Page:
I read this as an ARC from Netgalley.
I liked this. I enjoyed the first story in the series quite a bit. I liked this one just as much. The second one, I enjoyed a bit less.
Jake is the hero. He lost his foot and part of his lower leg in a car accident when he was 19. I'm not quite clear how old he is now. There was a comment about him being on the under side of 30 and another indicating it had been 6 years since the accident, so I think he's about 25 or 26. He's been through therapy and all of the emotional upheaval involved with losing a limb already, so the story is not about that. He's a bio medical engineer and part owner of a company the develops prosthetics.
Paige is the heroine. She's about the same age. She is a waitress at a diner that Jake frequents. She also works at a bar, attends school and is the single parent of a five year old. Casey, her daughter, is missing her leg below the knee. I totally cannot remember the medical term, but it did not develop properly and was removed when she was an infant.
Jake and Paige are interested in each other, but neither lets the other know. Jake takes the opportunity to know Paige by helping Casey when he realizes that Casey is her daughter. I said that poorly - he's not using Casey. He honestly likes her and wants to help her, but spending more time with Paige is a big benefit.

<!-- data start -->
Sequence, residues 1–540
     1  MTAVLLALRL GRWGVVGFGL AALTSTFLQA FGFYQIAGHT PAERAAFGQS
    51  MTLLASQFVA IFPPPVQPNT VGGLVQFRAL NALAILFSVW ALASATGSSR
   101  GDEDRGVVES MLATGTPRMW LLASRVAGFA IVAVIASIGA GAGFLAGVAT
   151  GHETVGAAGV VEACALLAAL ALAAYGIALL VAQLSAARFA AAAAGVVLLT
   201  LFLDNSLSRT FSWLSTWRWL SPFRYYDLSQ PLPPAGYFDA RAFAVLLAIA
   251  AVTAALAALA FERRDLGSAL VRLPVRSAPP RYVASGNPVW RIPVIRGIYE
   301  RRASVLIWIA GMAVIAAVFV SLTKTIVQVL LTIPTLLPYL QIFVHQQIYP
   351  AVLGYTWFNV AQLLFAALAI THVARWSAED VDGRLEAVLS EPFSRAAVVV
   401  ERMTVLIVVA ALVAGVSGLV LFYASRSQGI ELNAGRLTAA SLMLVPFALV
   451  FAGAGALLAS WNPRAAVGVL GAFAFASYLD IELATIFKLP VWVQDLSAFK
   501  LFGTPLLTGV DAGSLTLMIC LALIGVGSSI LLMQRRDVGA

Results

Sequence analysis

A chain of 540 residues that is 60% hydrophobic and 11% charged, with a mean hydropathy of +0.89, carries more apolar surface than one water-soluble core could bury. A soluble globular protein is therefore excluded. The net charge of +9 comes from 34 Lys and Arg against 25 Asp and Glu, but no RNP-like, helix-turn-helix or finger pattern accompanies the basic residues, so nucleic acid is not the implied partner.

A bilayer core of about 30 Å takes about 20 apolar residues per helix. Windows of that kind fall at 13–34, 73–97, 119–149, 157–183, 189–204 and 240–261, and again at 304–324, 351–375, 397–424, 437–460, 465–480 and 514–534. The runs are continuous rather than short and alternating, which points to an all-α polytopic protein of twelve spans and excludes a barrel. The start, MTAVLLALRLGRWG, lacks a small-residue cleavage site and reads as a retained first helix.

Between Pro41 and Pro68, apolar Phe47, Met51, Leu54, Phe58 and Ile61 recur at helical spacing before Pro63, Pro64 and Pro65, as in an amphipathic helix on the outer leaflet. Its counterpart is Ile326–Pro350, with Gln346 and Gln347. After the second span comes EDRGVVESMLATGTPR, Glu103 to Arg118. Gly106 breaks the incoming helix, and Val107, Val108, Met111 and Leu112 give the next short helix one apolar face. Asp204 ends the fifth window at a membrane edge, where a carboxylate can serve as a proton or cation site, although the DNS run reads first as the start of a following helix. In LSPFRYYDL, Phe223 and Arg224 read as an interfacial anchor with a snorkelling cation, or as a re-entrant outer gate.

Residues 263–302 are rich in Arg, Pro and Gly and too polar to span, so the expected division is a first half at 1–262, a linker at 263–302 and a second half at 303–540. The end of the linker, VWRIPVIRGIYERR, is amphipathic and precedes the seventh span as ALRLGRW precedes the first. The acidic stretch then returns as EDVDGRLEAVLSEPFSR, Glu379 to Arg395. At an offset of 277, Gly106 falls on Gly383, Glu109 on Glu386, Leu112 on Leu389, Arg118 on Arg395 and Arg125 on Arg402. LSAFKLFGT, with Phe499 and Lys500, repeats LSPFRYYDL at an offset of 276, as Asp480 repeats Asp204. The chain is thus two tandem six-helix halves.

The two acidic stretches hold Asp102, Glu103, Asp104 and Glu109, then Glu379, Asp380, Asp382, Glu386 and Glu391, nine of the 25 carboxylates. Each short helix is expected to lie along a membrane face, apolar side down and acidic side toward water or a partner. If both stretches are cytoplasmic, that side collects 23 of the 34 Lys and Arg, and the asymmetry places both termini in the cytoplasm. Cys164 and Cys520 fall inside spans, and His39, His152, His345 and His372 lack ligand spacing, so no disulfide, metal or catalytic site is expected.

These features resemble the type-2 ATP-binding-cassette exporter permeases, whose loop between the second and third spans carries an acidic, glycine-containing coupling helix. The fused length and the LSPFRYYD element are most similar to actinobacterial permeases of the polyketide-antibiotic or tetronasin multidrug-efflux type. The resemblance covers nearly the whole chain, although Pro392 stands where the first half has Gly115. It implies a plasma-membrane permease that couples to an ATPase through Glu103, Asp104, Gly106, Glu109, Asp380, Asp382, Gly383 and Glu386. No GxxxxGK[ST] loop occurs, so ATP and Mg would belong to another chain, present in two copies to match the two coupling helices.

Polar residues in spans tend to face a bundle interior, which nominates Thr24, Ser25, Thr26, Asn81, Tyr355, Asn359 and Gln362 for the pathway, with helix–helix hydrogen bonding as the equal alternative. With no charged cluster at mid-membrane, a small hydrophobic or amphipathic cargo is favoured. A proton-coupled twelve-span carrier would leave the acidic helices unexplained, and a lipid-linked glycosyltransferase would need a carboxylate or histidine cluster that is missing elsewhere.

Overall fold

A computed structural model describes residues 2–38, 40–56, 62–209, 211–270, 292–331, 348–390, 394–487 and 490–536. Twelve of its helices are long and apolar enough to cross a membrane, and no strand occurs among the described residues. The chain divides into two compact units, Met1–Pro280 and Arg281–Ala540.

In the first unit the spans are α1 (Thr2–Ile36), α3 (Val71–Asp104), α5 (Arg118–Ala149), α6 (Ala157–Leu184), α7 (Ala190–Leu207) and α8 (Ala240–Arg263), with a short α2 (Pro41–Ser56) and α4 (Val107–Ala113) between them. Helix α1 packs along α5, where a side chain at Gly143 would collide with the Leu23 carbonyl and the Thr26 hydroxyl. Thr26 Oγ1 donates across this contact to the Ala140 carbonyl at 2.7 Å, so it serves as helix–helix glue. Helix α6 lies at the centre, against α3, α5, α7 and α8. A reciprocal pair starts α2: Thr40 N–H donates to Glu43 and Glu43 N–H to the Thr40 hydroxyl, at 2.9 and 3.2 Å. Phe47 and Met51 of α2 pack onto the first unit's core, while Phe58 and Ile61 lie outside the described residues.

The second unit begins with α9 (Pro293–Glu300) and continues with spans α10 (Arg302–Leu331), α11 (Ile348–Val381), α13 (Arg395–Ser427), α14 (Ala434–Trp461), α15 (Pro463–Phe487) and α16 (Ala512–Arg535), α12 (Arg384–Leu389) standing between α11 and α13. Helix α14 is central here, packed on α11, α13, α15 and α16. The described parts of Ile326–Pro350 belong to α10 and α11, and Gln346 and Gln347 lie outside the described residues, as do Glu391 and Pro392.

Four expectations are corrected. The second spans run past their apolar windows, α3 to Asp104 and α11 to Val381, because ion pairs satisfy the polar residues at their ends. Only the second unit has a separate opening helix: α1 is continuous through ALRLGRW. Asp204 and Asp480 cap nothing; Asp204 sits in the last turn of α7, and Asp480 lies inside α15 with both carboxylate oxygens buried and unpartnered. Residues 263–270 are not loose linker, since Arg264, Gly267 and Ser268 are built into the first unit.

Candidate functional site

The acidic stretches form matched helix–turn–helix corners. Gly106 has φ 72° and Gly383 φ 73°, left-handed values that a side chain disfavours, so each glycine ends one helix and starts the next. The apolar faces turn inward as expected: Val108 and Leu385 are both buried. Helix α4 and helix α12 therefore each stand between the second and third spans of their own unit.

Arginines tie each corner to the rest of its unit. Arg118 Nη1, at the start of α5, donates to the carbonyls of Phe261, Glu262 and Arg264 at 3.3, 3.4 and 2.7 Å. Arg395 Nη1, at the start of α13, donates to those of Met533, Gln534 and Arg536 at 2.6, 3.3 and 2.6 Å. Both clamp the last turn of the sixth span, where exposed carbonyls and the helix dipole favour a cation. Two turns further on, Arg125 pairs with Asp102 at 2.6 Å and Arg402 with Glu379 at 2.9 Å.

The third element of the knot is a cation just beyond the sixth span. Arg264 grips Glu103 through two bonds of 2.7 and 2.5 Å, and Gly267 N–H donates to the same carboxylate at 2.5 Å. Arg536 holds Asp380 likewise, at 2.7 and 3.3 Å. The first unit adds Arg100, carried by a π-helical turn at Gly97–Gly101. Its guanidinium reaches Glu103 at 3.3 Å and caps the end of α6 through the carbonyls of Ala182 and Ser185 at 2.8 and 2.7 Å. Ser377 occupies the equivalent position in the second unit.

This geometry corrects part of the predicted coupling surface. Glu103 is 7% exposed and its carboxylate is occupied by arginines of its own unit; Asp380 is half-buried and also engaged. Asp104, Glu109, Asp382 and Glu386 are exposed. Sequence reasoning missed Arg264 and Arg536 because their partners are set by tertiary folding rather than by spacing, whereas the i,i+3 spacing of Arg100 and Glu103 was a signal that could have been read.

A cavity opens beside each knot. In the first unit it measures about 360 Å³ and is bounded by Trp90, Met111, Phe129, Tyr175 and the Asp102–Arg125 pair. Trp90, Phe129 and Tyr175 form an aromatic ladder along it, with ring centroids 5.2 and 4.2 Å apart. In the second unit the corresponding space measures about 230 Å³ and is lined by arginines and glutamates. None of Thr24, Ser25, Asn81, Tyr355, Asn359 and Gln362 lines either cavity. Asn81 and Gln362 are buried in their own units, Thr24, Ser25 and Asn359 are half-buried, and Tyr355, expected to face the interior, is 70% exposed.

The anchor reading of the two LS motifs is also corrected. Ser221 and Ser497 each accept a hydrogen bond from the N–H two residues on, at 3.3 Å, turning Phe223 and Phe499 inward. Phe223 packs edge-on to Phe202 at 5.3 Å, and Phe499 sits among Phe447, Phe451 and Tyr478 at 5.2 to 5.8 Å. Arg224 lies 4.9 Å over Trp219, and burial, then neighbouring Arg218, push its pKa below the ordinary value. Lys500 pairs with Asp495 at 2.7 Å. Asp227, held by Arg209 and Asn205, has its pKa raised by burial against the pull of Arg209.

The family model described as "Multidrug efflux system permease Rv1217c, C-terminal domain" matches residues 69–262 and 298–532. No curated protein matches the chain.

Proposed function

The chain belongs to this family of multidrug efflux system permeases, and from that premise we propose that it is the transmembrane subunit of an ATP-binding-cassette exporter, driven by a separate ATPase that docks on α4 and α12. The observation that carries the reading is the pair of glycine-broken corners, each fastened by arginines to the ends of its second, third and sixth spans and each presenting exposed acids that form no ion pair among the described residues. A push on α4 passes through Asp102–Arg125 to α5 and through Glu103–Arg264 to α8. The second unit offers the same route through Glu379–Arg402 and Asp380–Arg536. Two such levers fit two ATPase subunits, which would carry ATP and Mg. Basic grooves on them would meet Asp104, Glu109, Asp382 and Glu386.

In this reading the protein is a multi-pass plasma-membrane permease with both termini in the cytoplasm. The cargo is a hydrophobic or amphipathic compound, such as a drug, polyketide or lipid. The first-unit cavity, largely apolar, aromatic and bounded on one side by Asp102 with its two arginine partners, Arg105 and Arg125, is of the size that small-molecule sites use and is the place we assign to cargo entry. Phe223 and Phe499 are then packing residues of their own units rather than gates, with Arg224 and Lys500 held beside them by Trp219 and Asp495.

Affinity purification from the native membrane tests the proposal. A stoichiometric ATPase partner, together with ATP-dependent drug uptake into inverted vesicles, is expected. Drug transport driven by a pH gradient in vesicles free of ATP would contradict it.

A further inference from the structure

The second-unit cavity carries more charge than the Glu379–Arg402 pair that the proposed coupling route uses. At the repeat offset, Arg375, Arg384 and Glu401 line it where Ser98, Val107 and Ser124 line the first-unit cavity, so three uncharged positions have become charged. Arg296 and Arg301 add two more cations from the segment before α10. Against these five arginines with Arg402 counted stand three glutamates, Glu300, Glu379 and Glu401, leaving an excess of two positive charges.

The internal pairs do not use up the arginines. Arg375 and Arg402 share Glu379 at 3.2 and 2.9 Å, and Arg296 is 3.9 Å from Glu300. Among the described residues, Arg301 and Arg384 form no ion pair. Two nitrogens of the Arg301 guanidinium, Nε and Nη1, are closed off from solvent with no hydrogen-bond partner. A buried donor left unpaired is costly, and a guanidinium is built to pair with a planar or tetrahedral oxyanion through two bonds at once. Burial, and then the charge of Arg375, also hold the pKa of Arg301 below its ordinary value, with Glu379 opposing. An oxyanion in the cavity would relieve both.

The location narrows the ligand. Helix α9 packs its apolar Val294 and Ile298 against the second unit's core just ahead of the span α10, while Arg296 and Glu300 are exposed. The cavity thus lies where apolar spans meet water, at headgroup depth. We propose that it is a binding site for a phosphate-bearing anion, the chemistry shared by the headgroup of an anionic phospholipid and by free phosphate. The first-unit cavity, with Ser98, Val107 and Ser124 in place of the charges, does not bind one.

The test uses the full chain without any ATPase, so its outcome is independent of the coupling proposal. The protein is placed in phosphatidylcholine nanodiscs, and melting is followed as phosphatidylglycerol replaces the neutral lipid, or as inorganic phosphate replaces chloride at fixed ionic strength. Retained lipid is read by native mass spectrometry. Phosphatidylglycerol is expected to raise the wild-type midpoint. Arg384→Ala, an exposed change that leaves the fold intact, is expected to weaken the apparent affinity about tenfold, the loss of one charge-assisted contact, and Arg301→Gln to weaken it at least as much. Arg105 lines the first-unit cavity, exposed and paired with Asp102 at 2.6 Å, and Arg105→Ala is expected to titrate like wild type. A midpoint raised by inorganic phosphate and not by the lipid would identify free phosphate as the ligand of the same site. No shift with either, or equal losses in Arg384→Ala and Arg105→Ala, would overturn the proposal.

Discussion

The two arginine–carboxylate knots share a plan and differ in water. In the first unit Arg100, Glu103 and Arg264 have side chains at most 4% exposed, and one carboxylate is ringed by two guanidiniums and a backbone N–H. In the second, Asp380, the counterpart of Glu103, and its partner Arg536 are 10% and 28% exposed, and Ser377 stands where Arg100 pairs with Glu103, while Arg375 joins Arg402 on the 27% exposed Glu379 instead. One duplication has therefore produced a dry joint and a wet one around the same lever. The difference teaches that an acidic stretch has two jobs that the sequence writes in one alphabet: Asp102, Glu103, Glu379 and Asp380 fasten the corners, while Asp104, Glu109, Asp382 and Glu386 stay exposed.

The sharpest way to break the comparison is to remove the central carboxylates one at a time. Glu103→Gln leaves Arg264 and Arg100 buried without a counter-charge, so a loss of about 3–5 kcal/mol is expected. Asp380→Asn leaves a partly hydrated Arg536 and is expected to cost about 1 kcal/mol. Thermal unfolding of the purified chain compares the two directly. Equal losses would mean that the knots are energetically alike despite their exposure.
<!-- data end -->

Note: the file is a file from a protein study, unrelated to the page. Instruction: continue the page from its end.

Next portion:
Jake and Paige are scarred. Jake is greatly affected by the circumstances that surrounded the loss of his leg and thinks he's not relationship material. Paige does not date or get involved with men. She does not believe in fairy tales or happily ever afters. It is partly due to her mother's behavior when she was growing up, but also related to the way she became pregnant with Casey.
It's really a beautiful story. A beautiful relationship. They have reservations and insecurities, but there is no manufactured conflict and they don't decide to bang each other just to "get it out of their system".
The one complaint I have is the HEA. It isn't this book in particular. It just seems to be the way the author likes to give HEAs. They are very happily forever and ever and ever and ever after. They're almost sickenly sweet and when you visit other members of the family from previous books, there is never any friction. Everyone gets on FAMOUSLY. It's VERY nice to think about, but not realistic in a long term marriage or between in-laws.